Desk Officer Dave Entwistle visited Project Trust’s Volunteers in China in November. Here are five things he learned:

Project Trust Gap Year China

James volunteering as a teacher on his gap year in China

1 – China was my first overseas visit as a Project Trust Desk Officer in 2012 and it was great to have the opportunity to go back again this year. You can clearly see that the country is constantly changing – every city seems to be growing, there’s a rising middle class and more visual signs of development and wealth in some parts of the cities. The average income remains very low, but there are also high end shopping malls, cinemas and restaurants opening. This was also my first visit to Gansu province where we have eight volunteers this year. I’d planned on catching up on some sleep between projects on the train journey from Lanzhou to Zhangye but getting to see the epic mountain ranges stretching off into the distance as the train sped along at nearly 200 mph was unmissable.

2 – Volunteering in China is unique and the projects there are unlike any other Project Trust country programme. The Volunteers are all based in cities so the community they engage with is much more open and there is a great deal of freedom for the volunteers to explore and interact in different ways. The relationships and interests they develop have a huge impact on how much they will get out of living in China and there is no shortage of people interested in getting to know them. The first friends to be made are often the other teachers in the English departments they are working in and this opens up much larger networks as the year goes on. In their spare time Volunteers this year are getting involved in Uighur dancing, mountain hiking and camel riding and there are a bunch of Volunteers this year committing to learning T’ai Chi. You have to be patient and willing to be embarrassed as you get everything wrong at first, but it is all part of the learning process and it’s a really interesting insight into Chinese culture.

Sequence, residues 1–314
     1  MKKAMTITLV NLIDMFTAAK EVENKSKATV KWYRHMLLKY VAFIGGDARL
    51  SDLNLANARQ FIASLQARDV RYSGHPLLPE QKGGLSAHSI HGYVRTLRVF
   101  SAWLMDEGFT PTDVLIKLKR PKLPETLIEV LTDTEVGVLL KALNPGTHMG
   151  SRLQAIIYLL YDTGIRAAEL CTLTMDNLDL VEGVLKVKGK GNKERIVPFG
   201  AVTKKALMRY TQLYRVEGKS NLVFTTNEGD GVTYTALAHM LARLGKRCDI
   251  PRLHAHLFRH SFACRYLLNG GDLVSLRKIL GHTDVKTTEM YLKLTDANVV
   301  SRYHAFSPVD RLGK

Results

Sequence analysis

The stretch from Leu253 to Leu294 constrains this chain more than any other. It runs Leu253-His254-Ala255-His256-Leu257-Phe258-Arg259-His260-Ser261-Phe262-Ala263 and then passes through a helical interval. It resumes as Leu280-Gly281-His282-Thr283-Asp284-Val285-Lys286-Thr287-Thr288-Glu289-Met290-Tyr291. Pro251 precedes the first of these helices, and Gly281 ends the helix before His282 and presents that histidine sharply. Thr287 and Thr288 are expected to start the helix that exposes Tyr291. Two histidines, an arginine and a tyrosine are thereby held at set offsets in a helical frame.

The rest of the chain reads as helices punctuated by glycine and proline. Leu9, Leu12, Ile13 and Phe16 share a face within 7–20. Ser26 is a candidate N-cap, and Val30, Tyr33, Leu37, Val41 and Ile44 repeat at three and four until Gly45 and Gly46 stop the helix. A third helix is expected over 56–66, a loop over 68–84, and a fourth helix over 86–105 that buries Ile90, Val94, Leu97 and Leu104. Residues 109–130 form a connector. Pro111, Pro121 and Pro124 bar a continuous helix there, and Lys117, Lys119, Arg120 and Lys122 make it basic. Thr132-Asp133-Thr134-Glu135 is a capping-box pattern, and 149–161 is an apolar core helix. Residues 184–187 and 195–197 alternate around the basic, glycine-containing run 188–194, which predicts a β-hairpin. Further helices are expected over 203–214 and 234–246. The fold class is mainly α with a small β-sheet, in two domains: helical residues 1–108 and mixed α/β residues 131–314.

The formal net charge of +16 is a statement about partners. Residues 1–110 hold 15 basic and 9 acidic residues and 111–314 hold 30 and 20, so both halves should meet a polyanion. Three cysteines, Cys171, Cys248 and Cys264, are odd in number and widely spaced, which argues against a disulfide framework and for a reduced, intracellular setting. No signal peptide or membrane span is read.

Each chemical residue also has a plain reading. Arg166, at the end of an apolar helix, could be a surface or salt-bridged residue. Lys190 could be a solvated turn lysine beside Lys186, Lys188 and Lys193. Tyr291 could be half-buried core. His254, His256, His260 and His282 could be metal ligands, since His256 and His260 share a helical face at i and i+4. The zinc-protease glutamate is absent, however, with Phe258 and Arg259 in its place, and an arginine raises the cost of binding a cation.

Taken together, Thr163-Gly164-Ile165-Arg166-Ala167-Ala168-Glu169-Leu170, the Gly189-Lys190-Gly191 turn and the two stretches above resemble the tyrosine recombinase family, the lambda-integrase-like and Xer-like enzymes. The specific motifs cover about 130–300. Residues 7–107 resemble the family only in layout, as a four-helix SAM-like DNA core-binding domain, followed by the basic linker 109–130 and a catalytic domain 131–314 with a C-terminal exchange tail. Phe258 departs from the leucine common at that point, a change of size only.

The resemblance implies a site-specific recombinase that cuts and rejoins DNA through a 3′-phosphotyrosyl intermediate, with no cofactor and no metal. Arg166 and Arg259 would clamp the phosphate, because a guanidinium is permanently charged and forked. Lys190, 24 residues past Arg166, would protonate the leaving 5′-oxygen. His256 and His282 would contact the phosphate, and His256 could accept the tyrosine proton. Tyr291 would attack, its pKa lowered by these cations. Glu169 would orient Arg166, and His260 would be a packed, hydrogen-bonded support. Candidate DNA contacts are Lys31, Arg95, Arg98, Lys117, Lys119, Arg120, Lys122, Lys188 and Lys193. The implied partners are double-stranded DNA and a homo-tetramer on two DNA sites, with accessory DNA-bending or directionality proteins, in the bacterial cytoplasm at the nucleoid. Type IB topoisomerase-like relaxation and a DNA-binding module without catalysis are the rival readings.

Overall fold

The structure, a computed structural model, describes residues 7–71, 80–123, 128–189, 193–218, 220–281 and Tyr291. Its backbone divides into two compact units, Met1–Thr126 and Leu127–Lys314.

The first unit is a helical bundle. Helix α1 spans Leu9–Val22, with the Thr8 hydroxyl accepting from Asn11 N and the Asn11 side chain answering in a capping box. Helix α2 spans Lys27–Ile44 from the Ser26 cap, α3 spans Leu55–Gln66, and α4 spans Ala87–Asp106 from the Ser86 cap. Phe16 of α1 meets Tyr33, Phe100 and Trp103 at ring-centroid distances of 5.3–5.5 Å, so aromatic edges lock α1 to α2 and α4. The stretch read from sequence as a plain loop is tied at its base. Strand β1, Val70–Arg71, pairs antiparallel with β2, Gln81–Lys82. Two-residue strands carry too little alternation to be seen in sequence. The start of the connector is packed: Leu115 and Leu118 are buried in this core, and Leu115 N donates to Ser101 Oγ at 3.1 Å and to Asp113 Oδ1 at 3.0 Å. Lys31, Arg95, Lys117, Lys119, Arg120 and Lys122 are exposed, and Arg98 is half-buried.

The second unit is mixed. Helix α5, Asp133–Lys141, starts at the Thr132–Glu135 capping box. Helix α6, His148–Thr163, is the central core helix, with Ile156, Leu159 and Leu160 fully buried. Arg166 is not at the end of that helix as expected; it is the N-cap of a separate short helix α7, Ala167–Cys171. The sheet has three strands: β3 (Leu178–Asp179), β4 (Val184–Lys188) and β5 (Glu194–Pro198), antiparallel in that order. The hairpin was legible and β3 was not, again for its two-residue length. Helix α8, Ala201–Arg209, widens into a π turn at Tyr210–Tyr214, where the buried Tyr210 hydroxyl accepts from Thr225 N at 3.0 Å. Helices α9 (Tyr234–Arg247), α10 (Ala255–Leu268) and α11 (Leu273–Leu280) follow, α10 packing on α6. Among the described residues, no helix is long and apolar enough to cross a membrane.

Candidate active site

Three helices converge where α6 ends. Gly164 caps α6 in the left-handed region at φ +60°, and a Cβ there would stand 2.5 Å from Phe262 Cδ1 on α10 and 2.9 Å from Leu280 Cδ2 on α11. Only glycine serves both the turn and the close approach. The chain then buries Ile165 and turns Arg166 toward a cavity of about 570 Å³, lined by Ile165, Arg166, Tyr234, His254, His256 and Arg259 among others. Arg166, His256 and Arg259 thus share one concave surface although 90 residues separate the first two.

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I Am Project Trust 2015 – Calum in China from ProjectTrust on Vimeo.

3 – Learning Mandarin Chinese is a real challenge for our Volunteers. Being a tonal language, and a completely different alphabet, means you really have to put a lot of effort into it. What’s great about the China country programme is that the schools will dedicate a member of staff to set aside some time each week to go through different aspects of the language and while it is a long process most of the volunteers come on a huge way over the course of the year. Language is so often a gateway to getting a much richer experience overseas and having 12-months in China really does give you the opportunity to see that.

4 – I was really impressed with the level this year’s Volunteers are teaching at already, which I think is an endorsement of the developments made to the induction. This year the Volunteers spent three weeks in Beijing learning about Chinese culture but also having quite an intense programme of teacher training. Seeing the Volunteers at their projects you could really see that they’d put a lot of time and effort into their lesson plans and they understand that it takes hard work to become an effective teacher.  It’s a real privilege of my job to see Volunteers performing well at their projects and it made the visit really enjoyable.

Project Trust Gap Year China

Ava volunteering as a teacher in China

5 – I’m fortunate in that I flew between provinces: when the Volunteers travel they will almost always choose the budget train journeys which become the stuff of Project Trust legend due to the distances involved. The first train journey the Volunteers take is when they head to their projects from Beijing, which can take between 14 and 34 hours. Sometimes they get a seat, sometimes a bed but sometimes they have to stand. The Volunteers are all about to head off on their winter travels and they’ve planned some really exciting and elaborate routes. A lot of them are taking in the Harbin Ice Festival, where a city is seemingly consumed by gigantic ice sculptures. It’s really worth seeing, but for some of them getting there is the equivalent of travelling the length of Europe and treating the train journey as a test of endurance seems to be par for the course.

Learn more about a gap year in China with Project Trust